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By Marianna Sotomayor

Fresh from Saturday's South Carolina Republican primary, Donald Trump and Sen. Ted Cruz appeared on "Meet the Press" where they were asked about their ability to clinch their party's nomination.

For Trump, he attempted to clear up past statements over his current positions on Obamacare and the Iraq War. Cruz, on the other hand, tried to dismiss Trump's potentially decisive South Carolina win by positioning himself as the conservative candidate to watch.

NBC's fact-checking partner, PolitiFact, watched the Sunday broadcast and rated several claims made by both candidates.

Obamacare offers "no options"

Trump has yet to offer a concrete policy plan on healthcare, but he told moderator Chuck Todd that his plan would offer more insurance options and would be "much less expensive than Obamacare."

"We're going to come up with a great healthcare plan, whether its health care saving accounts, we're going to get rid of the lines between states, we're going to have great competitive bidding," Trump said on "Meet the Press."

The billionaire said that his plan would prevent people from "dying on the streets," which he claimed is what the healthcare program causes now.

PolitiFact acknowledged that Trump's statement has some truth to it. They found that about 10 percent of counties where individuals bought health insurance under the Affordable Care Act could only chose from one provider. However, 30 percent have at least two options to chose from, while 60 percent have three options at most.

Since Trump's statement "leaves out a lot of information," PolitiFact rated his claim as "Mostly False."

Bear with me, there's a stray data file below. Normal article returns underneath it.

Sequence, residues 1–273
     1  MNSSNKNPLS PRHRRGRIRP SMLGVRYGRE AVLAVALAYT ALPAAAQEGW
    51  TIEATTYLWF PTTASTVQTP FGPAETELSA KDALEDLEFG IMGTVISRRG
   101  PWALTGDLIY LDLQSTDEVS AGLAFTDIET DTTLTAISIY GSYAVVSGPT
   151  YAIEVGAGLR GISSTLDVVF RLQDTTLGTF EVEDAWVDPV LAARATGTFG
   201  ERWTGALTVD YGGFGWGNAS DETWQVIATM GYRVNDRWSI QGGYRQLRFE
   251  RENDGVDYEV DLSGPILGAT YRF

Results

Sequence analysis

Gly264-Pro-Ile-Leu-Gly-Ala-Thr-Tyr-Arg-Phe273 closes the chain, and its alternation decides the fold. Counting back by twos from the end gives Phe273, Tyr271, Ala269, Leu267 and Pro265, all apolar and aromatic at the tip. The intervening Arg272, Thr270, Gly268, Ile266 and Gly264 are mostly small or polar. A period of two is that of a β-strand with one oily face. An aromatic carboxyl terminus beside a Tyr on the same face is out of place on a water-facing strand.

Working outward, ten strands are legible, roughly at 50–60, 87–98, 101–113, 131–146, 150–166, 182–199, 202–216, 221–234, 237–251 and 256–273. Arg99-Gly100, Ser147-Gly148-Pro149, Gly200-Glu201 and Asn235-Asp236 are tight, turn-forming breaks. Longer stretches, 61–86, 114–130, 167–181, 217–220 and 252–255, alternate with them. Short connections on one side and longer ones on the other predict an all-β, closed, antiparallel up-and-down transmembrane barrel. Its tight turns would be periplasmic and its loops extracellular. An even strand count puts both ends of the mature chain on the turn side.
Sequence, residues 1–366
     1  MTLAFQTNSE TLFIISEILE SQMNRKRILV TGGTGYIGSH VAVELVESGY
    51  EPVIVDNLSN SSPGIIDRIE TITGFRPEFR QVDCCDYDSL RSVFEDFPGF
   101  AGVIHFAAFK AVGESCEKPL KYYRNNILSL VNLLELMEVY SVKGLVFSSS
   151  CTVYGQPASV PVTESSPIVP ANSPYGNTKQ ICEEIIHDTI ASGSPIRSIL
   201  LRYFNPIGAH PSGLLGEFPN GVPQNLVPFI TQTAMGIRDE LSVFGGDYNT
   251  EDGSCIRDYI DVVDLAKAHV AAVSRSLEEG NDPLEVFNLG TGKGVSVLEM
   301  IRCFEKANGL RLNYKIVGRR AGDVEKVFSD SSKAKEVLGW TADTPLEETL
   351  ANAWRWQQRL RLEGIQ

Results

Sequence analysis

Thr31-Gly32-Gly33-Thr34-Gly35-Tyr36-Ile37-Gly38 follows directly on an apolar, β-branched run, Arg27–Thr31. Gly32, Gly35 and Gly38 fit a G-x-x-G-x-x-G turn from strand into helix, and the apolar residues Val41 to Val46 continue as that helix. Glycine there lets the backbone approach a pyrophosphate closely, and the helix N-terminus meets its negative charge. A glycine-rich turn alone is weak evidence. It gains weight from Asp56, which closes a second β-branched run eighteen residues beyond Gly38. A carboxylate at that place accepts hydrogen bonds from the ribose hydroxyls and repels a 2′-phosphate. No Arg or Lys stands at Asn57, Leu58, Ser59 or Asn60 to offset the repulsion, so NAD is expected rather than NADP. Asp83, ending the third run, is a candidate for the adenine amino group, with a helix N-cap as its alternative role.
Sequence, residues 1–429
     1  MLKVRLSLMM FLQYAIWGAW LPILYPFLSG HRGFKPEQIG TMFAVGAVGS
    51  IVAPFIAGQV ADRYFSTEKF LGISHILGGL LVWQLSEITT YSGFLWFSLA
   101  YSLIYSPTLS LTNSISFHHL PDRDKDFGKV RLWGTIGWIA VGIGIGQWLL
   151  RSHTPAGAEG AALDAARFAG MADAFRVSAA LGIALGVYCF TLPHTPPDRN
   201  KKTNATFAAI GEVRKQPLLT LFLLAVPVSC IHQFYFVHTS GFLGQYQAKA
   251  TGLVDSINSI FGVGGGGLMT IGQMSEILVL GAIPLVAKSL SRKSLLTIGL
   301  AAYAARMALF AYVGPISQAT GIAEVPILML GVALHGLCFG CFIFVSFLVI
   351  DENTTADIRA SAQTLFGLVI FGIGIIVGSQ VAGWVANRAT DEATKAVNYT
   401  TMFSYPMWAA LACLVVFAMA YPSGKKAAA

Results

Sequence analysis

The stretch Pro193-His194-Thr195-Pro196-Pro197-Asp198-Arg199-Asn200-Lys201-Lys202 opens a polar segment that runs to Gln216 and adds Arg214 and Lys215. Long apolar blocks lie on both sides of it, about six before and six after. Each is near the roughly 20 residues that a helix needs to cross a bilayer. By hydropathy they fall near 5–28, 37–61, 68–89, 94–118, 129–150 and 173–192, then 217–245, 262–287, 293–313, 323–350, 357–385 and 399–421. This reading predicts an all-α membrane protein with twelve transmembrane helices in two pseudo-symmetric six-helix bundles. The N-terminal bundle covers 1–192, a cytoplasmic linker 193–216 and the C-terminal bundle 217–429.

Donald Trump is not the "right guy" to compete against Hillary Clinton

Cruz tried to downplay his third place finish in South Carolina, telling Todd that he is the one "true conservative" left in the race, not Trump.

"For anyone who doesn't believe that Donald Trump is the best candidate to go head-to-head with Hillary Clinton in November, and that's about 70 percent of Republicans nationwide who don't think Donald Trump is the right guy," Cruz said. "Our campaign is the only campaign that has beaten Donald Trump and that can beat Donald Trump."

PolitiFact points out that Sen. Marco Rubio has also made a similar 70 percent claim in a recent "Face the Nation" interview.

Per the fact-checking group, Cruz was citing a number of polling averages that say 34 percent of Republican voters firmly support Trump. That leaves 66 percent of likely voters lining up behind another candidate.

"That doesn’t mean, however, that the 66 percent refuse to support Trump overall," PolitiFact writes. "The highest estimate we found for Republicans flat-out protesting Trump is 42 percent."

Cruz's claim rates "Mostly True" in PolitiFact's "Truth-O-Meter" for leaving out some context.